The Meaning of Significance

First off: The Earth Day Accretionary Wedge is up, full of environmental musings from the geoblogosphere – check it out! Since it is still Earth Week here at Berkeley, I’ll follow up my carnival contribution with an observation from the trenches, where geology and environmentalism intersect in a series of excruciatingly dull technical documents.

Part of my job used to be telling the people of Sun County, California* how their ground water resources would be affected by proposed new developments. Your average housing development poses a couple of different potential risks to ground water supply. One is that paving a surface which was previously covered in permeable soil will reduce the amount of rainfall that ends up in the aquifer, sending it to the ocean instead in the form of stream and storm drain runoff. Another is that people will occasionally spill toxic chemicals on the ground (e.g., motor oil, pesticides) and if the soil is configured just wrong, those chemicals can potentially make it down to the water table and contaminate the aquifer. And of course, any development will require enough water for the people who live there, but evaluating the stability of the proposed water supply was someone else’s job.

So what I did was overlay a map of the proposed development with a geologic map of the area, check for potential problem spots where the water table was near the surface, and calculate the amount of ground water recharge that would be diverted away from the aquifer if the proposed new project was built. Oh, and I churned out some excruciatingly dull technical prose. It was all part of the larger environmental impact review required for all new construction in California under the California Environmental Quality Act (CEQA – we pronounced it “seequah”). CEQA requires that developers avoid or mitigate any significant impact to the environment caused by their proposed project.

What’s a “significant” impact? In many cases, local planning boards have drawn lines between “significant” impacts that require mitigation, and “insignificant” impacts that can be foisted worry-free on the people of California.

In other cases, “significant impact” means exceeding a threshold value that a subcontracting technical consultant, in the absence of concrete guidelines, pulls out of their a must use their professional judgment to determine.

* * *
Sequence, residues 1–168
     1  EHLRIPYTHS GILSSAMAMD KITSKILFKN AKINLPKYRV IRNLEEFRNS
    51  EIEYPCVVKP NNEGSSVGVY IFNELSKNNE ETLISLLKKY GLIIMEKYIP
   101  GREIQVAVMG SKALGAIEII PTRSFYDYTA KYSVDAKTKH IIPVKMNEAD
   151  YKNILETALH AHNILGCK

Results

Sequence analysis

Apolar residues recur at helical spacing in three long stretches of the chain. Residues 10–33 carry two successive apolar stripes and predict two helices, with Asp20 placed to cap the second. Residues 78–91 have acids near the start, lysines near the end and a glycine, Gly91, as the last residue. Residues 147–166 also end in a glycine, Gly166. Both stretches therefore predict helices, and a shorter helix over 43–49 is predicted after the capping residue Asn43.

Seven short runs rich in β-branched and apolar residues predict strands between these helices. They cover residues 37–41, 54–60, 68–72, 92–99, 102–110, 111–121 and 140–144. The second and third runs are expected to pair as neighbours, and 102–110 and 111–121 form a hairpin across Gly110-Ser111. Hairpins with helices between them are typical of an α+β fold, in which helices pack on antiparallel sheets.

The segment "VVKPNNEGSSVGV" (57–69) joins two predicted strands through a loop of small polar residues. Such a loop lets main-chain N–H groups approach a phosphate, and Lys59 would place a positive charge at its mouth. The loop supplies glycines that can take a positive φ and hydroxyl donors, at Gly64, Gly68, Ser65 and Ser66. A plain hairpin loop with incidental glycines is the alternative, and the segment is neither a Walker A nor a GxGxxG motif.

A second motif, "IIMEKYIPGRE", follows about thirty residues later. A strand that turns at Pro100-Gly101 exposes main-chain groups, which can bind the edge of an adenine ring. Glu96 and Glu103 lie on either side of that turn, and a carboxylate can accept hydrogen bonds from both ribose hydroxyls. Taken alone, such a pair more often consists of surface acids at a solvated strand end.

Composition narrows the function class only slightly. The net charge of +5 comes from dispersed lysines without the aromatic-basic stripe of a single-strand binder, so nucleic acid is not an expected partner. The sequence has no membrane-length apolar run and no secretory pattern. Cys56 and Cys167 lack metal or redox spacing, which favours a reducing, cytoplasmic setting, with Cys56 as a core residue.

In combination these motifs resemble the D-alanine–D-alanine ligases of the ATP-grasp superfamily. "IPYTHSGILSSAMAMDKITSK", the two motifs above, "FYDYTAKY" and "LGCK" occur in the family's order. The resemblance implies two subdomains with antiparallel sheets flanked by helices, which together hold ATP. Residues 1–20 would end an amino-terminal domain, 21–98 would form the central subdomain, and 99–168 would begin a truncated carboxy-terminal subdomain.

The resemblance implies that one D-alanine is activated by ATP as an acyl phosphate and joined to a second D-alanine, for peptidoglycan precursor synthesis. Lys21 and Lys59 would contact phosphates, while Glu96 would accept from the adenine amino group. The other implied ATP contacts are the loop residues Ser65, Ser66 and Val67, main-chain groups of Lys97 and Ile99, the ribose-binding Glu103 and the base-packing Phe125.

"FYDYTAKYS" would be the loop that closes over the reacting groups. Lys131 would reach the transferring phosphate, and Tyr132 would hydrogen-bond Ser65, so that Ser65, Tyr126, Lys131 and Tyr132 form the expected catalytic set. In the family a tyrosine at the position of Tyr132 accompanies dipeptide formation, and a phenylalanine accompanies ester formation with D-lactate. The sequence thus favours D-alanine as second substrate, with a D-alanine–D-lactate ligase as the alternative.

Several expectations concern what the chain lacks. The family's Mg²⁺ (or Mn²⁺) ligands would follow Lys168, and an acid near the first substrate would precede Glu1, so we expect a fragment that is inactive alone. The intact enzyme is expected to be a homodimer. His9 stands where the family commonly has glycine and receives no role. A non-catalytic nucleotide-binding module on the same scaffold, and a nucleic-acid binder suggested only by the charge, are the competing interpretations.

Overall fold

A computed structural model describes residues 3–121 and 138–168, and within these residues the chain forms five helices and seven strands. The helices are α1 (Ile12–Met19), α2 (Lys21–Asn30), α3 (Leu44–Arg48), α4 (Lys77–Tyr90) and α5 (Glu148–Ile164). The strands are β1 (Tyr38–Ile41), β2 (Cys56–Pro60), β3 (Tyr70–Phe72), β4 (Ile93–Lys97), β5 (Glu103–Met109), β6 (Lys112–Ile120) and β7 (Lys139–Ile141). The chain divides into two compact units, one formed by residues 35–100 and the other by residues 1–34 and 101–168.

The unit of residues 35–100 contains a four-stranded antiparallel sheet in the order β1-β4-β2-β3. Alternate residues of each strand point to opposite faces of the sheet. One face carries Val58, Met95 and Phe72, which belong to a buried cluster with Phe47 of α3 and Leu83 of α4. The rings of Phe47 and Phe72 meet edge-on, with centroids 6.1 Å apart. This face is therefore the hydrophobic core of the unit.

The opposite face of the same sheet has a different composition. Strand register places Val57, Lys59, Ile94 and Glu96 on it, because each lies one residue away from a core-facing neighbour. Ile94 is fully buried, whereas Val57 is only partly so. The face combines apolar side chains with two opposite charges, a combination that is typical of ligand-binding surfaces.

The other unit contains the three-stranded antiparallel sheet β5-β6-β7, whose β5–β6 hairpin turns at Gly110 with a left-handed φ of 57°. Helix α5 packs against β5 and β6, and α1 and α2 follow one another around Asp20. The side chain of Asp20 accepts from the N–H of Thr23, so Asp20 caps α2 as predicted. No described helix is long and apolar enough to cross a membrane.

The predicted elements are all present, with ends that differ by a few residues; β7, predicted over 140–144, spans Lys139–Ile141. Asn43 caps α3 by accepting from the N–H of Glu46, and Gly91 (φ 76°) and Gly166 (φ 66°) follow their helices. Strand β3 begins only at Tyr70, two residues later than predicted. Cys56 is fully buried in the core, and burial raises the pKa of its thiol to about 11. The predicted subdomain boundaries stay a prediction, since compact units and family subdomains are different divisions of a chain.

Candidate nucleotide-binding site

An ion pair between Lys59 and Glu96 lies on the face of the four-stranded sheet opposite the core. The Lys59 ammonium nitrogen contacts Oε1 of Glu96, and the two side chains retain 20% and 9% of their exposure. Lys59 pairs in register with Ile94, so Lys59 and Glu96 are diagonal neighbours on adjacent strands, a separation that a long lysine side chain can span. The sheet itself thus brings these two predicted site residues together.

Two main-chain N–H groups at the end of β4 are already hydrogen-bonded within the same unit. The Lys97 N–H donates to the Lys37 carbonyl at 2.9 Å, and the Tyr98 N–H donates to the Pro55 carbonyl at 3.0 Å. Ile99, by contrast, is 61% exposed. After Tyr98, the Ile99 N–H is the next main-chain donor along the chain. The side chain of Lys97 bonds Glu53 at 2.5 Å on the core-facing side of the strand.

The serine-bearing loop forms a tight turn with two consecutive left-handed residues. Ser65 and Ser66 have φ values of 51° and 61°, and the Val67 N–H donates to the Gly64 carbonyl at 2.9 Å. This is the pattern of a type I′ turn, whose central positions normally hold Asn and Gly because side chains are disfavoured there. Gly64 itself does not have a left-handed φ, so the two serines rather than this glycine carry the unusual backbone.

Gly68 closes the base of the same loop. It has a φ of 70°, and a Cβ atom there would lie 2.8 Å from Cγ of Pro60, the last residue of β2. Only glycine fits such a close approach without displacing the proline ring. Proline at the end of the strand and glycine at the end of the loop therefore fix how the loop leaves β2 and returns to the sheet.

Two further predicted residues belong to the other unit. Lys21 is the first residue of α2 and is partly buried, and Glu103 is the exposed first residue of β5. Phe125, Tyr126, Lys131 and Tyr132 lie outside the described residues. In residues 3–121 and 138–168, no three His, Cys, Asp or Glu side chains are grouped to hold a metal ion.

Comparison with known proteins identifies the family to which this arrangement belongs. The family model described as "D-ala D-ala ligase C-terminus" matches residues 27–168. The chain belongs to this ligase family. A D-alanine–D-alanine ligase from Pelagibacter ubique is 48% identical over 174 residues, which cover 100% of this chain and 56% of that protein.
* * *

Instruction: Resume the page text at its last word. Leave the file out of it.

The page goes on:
The value of X for which eliminating X acre-feet/year of ground water recharge is “significant” enough to require mitigation is one of those fuzzy guideline cases (weirdo Imperial unit alert: one acre-foot/year is enough water to serve about three households). The City of Los Angeles says that any project resulting in a “demonstrable and sustained reduction of groundwater** recharge capacity” counts as a significant impact (i.e., X>0). Sun County was, at the time, keeping mum on the matter.

What we did as EIR-writers was to flap our arms, squint a little bit, hawk up a loogie, and say “gee, X sure is a lot smaller than the total recharge to Sun County Basin”. I don’t think that’s an acceptable planning strategy, and the only way to change it is to put decent leadership in local government.

A recent state supreme court decision requires developers to ensure that their projects have an adequate long-term water supply, but those who wish to pile a couple more straws on the camel’s back (or insert another little straw into the local milkshake, for all you who’ve seen There Will Be Blood) are still golden, so long as they can find a water supply somewhere – a local reservoir supplemented with water from the Sierras or the Colorado River, for example.

Climate change is going to screw over all of California’s water resources. Every time I think about this, I get depressed, because the system is already such a fragile web of carefully pumping every drop of sustainable yield from the ground and pumping more water through a rickety maze of old levees ready to crumble in the next Big One and hoping Arizona doesn’t need its full share of the Colorado River any time soon, how is it going to cope with endless drought?

*This may be overdoing the anonymizing, but many of the EIRs I worked on were confidential, and I am not sure how many of them made it past the initial stages to the point where the reports I helped produce actually entered the public record.
**When you’re dealing with the City of Los Angeles, “groundwater” is one word. For other clients, “ground water” is two words. Don’t ask me why, it just is.


  1. Anne J wrote:

    In Oregon, there was a similar there was a similar significance problem with streamflow. If you are going to use any water (surface or ground) within the Deschutes basin (and maybe others?) that has a 1% OR 1 cfs impact on streamflow, you have to mitigate. The problem is determining what’s going to have a 1 cfs impact, when the average discharge is several thousand cfs.

    (heh, I’m commenting under my real name for once!)

  2. Lab Lemming wrote:

    You lost your footnotes and possibly the end of your post, M.

  3. Maria wrote:

    Oops. Dratted quotes. Thanks.

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